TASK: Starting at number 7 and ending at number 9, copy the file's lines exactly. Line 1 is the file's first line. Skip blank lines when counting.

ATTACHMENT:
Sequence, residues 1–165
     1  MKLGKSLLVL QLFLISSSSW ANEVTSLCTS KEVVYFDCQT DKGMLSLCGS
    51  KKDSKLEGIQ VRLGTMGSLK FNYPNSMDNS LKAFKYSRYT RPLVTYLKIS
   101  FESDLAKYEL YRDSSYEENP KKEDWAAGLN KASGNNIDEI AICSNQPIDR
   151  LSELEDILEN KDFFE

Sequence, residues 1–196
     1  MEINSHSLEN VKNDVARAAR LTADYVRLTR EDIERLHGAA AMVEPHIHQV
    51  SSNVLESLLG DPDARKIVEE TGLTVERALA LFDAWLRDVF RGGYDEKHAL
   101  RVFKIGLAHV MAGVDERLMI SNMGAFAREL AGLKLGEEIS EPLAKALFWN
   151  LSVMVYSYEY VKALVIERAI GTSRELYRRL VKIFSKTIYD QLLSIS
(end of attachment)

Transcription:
     1  MEINSHSLEN VKNDVARAAR LTADYVRLTR EDIERLHGAA AMVEPHIHQV
    51  SSNVLESLLG DPDARKIVEE TGLTVERALA LFDAWLRDVF RGGYDEKHAL
   101  RVFKIGLAHV MAGVDERLMI SNMGAFAREL AGLKLGEEIS EPLAKALFWN